Cheers

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Does your Dog Embarrass you in Public?

February 13, 2014

Embarrassment is something that can provoke a range of emotions in humans, from angry outbursts to laughter at our own mistakes. However, it seems there is another hardwired response to embarrassing situations that I like to call Homer Simpsonisim. If Homer is walking down the street and walks into a light pole, you can bet […]

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Canine Denial – Not Just a River of Thread

February 11, 2014

 

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Things Our Dogs Blame us For – Number 1

February 4, 2014
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Autonomy and your Dog

January 30, 2014

Autonomy is something we strive for from the time we are born, but when it comes to our dogs, can autonomy sometimes be too much of a good thing? Granting our dogs autonomy can be viewed as a reward, a necessity, and a way of avoiding the management that’s part and parcel of being a […]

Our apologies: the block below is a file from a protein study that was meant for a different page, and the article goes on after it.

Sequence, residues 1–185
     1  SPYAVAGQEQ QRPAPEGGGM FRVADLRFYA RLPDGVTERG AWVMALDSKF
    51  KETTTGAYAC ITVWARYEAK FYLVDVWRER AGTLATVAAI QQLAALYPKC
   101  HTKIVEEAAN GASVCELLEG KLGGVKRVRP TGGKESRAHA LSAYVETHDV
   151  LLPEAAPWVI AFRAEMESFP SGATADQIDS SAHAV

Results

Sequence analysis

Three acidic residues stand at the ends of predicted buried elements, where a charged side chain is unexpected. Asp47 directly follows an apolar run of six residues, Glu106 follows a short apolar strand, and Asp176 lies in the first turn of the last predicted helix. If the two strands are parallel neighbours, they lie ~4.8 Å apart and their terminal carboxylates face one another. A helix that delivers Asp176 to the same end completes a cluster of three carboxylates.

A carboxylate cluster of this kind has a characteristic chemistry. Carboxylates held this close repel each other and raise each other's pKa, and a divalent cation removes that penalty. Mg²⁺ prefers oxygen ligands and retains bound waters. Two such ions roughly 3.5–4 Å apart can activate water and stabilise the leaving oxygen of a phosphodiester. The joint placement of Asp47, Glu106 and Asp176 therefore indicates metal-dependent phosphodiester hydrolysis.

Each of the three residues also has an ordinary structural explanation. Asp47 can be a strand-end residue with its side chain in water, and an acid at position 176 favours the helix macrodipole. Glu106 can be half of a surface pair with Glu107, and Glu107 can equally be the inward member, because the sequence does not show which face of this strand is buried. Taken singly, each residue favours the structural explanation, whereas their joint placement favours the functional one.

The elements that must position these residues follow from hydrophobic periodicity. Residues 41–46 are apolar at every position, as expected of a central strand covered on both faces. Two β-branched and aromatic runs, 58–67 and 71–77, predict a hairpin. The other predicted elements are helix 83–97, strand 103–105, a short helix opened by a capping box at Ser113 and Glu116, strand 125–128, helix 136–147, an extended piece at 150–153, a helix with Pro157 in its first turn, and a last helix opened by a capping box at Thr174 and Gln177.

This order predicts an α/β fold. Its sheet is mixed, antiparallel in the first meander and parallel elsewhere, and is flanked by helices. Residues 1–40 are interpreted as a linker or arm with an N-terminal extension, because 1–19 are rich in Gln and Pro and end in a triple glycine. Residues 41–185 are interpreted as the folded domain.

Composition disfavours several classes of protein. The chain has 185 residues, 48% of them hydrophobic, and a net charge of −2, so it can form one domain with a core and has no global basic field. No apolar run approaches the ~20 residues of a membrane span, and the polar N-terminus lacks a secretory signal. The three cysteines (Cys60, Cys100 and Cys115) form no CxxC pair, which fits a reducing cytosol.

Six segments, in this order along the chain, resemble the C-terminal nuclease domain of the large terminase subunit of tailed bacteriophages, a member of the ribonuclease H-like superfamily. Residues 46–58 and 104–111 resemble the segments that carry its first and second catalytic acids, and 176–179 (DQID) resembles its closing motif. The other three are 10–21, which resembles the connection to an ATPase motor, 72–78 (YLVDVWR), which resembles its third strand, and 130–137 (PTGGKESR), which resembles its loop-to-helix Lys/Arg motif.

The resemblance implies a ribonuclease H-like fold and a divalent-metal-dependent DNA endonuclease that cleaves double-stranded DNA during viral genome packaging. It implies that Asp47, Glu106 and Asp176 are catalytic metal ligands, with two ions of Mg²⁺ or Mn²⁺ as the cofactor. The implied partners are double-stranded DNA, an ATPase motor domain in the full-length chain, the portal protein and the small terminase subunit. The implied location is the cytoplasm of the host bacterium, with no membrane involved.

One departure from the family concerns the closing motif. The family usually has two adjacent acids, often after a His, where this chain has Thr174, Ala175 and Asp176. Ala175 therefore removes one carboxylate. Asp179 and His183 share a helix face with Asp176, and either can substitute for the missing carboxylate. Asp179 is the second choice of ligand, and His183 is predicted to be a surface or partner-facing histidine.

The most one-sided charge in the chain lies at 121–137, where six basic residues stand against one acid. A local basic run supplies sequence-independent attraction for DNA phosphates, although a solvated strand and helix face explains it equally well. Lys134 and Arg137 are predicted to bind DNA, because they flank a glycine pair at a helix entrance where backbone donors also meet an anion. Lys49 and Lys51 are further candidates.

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Dog Recall using an Angry Voice

November 30, 2013

This is a topic that is sure to be somewhat controversial, but I believe that using an angry and loud tone of voice to recall (get your dog to come) your dog can be practical in certain situations, and be non-toxic to the relationship you have with your dog. When to use an Angry Voice […]

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7 Simple Tips For Choosing Healthy Dog Food

November 29, 2013

Dogs are more than just pets; they’re family. So it’s helpful to know which dog foods are beneficial to your dog’s health, and which you should stay away from. With thousands of pet food products on the market today, choosing the best can be difficult, but it’s not impossible if you know what you’re looking […]

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Why do Dogs Chew up Toys?

November 26, 2013

I don’t imagine that it would be hard to get a dog to lie down on a comfy leather sofa inside a psychologist office. Embedded with the smell of thousands of rear ends, well-worn leather, some tears, and faint hint of disinfectant, it would seem an inviting place to lie down. But then, the inevitable […]

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Book Review – SHAKE by Carli Davidson

November 13, 2013

It’s been 135 years since Eadweard Muybridge solved the mystery of the horse in motion. Now, thanks to Carli Davidson’s imaginative mind, we’ve solved the mystery of just how silly and endearing our dogs can look mid shake in a fascinating little book, appropriately titled, SHAKE. Dog of all shapes and sizes are captured with […]